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Forecasting the onset and course of mental illness with Twitter data

Overview of attention for article published in Scientific Reports, October 2017
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About this Attention Score

  • In the top 5% of all research outputs scored by Altmetric
  • High Attention Score compared to outputs of the same age (99th percentile)
  • High Attention Score compared to outputs of the same age and source (99th percentile)

Mentioned by

news
8 news outlets
blogs
2 blogs
twitter
451 tweeters
facebook
2 Facebook pages
googleplus
1 Google+ user

Citations

dimensions_citation
49 Dimensions

Readers on

mendeley
198 Mendeley
Title
Forecasting the onset and course of mental illness with Twitter data
Published in
Scientific Reports, October 2017
DOI 10.1038/s41598-017-12961-9
Pubmed ID
Authors

Andrew G. Reece, Andrew J. Reagan, Katharina L. M. Lix, Peter Sheridan Dodds, Christopher M. Danforth, Ellen J. Langer

Abstract

We developed computational models to predict the emergence of depression and Post-Traumatic Stress Disorder in Twitter users. Twitter data and details of depression history were collected from 204 individuals (105 depressed, 99 healthy). We extracted predictive features measuring affect, linguistic style, and context from participant tweets (N = 279,951) and built models using these features with supervised learning algorithms. Resulting models successfully discriminated between depressed and healthy content, and compared favorably to general practitioners' average success rates in diagnosing depression, albeit in a separate population. Results held even when the analysis was restricted to content posted before first depression diagnosis. State-space temporal analysis suggests that onset of depression may be detectable from Twitter data several months prior to diagnosis. Predictive results were replicated with a separate sample of individuals diagnosed with PTSD (Nusers = 174, Ntweets = 243,775). A state-space time series model revealed indicators of PTSD almost immediately post-trauma, often many months prior to clinical diagnosis. These methods suggest a data-driven, predictive approach for early screening and detection of mental illness.

Twitter Demographics

The data shown below were collected from the profiles of 451 tweeters who shared this research output. Click here to find out more about how the information was compiled.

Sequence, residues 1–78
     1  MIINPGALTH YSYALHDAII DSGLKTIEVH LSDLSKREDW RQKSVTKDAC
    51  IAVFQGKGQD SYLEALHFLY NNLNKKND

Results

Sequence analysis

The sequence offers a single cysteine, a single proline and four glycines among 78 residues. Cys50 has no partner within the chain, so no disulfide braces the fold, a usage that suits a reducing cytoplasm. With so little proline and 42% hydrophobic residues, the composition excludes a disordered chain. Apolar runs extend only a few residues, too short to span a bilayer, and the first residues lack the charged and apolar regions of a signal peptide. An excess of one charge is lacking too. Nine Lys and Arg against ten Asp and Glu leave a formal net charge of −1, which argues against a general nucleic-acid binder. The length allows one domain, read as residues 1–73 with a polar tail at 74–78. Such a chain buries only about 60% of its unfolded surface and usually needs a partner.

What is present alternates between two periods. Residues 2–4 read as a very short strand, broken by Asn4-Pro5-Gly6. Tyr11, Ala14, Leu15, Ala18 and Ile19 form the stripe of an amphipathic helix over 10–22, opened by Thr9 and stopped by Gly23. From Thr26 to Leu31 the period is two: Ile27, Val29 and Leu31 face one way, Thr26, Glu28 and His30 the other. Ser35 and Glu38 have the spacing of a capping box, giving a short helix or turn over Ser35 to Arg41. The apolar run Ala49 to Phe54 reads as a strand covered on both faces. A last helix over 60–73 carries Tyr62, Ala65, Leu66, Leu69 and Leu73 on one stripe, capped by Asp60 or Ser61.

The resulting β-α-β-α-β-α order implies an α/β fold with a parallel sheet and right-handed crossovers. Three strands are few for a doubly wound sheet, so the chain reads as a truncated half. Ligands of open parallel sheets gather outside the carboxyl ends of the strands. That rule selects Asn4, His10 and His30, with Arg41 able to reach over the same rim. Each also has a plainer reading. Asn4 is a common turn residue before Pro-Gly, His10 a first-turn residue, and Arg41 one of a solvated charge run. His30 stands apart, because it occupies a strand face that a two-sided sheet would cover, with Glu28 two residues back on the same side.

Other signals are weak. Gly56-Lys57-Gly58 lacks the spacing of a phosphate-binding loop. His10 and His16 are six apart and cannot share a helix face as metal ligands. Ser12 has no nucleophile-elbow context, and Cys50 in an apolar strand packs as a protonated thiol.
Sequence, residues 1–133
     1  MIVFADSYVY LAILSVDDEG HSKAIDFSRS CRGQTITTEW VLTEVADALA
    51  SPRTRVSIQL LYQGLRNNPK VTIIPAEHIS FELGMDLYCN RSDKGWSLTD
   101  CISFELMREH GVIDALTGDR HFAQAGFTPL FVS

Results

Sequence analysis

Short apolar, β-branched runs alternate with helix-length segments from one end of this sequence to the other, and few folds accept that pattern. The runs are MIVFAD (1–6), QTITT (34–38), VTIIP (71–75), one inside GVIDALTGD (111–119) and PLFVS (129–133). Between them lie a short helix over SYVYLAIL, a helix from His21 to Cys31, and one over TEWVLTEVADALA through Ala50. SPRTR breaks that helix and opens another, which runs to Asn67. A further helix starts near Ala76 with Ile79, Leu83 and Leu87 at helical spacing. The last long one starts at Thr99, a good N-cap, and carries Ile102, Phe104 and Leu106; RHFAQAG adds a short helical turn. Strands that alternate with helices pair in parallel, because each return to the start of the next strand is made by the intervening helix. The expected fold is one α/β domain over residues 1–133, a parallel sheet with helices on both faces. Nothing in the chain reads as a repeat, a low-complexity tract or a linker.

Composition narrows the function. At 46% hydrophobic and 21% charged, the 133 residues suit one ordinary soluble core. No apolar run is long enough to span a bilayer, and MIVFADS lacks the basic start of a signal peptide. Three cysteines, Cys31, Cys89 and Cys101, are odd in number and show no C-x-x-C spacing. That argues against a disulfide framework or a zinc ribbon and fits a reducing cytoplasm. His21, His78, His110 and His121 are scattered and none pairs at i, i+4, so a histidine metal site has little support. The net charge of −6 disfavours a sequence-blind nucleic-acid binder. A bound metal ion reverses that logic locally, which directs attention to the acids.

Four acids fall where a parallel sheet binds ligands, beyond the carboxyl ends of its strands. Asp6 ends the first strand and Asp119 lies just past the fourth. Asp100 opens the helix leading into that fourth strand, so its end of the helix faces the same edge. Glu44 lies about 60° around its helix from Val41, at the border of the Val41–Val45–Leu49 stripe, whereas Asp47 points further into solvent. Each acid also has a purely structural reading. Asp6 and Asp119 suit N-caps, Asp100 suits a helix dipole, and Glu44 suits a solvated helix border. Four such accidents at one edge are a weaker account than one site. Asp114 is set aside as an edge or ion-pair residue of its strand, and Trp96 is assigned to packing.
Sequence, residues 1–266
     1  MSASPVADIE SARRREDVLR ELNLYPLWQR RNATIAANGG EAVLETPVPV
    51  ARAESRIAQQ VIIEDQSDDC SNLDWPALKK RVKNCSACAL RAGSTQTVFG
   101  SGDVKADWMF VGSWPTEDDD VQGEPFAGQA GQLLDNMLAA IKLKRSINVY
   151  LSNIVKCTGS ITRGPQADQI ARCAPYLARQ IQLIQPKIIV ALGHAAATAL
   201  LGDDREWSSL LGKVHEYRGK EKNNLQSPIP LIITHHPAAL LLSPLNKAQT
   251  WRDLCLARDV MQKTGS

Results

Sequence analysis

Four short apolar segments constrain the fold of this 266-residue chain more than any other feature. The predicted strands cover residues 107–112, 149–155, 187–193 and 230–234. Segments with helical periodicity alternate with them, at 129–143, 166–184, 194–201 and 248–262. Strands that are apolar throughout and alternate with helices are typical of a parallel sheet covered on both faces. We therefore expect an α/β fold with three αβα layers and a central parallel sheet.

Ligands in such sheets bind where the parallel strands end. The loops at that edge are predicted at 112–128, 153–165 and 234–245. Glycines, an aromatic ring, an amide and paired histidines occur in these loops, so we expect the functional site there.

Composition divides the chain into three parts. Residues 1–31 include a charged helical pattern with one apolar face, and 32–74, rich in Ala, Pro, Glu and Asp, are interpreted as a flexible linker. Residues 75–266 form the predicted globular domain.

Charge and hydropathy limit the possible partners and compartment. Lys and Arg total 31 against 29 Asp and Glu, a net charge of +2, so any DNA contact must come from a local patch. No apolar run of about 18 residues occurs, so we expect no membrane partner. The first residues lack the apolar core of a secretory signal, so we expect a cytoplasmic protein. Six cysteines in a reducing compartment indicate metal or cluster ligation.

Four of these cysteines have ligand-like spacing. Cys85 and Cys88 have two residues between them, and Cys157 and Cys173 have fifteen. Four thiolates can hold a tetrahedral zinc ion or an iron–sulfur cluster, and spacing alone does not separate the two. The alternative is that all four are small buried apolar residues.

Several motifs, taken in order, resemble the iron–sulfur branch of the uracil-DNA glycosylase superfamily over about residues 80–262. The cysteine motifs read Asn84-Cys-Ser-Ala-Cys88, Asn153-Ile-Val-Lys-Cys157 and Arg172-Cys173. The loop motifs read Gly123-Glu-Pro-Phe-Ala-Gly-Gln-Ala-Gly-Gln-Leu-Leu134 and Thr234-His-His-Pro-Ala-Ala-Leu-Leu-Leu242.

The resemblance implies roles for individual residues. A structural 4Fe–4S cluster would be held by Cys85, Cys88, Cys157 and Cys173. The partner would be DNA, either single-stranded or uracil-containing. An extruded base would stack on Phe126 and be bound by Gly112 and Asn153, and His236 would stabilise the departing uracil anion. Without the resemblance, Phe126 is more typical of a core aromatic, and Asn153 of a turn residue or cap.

Mendeley readers

The data shown below were compiled from readership statistics for 198 Mendeley readers of this research output. Click here to see the associated Mendeley record.

Geographical breakdown

Country Count As %
United Kingdom 1 <1%
India 1 <1%
Sri Lanka 1 <1%
Luxembourg 1 <1%
Unknown 194 98%

Demographic breakdown

Readers by professional status Count As %
Student > Ph. D. Student 39 20%
Researcher 32 16%
Student > Bachelor 29 15%
Student > Master 29 15%
Student > Doctoral Student 11 6%
Other 34 17%
Unknown 24 12%
Readers by discipline Count As %
Computer Science 62 31%
Psychology 32 16%
Social Sciences 14 7%
Medicine and Dentistry 14 7%
Engineering 10 5%
Other 33 17%
Unknown 33 17%

Attention Score in Context

This research output has an Altmetric Attention Score of 387. This is our high-level measure of the quality and quantity of online attention that it has received. This Attention Score, as well as the ranking and number of research outputs shown below, was calculated when the research output was last mentioned on 02 January 2020.
All research outputs
#33,683
of 15,166,268 outputs
Outputs from Scientific Reports
#462
of 78,134 outputs
Outputs of similar age
#1,346
of 263,676 outputs
Outputs of similar age from Scientific Reports
#20
of 3,537 outputs
Altmetric has tracked 15,166,268 research outputs across all sources so far. Compared to these this one has done particularly well and is in the 99th percentile: it's in the top 5% of all research outputs ever tracked by Altmetric.
So far Altmetric has tracked 78,134 research outputs from this source. They typically receive a lot more attention than average, with a mean Attention Score of 15.8. This one has done particularly well, scoring higher than 99% of its peers.
Older research outputs will score higher simply because they've had more time to accumulate mentions. To account for age we can compare this Altmetric Attention Score to the 263,676 tracked outputs that were published within six weeks on either side of this one in any source. This one has done particularly well, scoring higher than 99% of its contemporaries.
We're also able to compare this research output to 3,537 others from the same source and published within six weeks on either side of this one. This one has done particularly well, scoring higher than 99% of its contemporaries.